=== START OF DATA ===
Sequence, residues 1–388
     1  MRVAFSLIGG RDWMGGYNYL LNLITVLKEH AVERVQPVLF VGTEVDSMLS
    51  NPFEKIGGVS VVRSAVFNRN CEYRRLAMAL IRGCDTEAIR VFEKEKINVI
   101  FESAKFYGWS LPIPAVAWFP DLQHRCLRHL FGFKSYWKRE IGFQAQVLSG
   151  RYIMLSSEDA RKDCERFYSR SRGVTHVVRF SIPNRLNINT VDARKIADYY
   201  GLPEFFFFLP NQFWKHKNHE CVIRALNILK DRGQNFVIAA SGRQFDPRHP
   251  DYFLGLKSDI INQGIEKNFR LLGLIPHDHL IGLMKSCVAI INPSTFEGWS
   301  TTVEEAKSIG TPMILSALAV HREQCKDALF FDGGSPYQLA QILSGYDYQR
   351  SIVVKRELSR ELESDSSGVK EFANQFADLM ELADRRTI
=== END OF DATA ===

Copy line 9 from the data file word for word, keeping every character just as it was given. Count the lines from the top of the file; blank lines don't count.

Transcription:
   351  SIVVKRELSR ELESDSSGVK EFANQFADLM ELADRRTI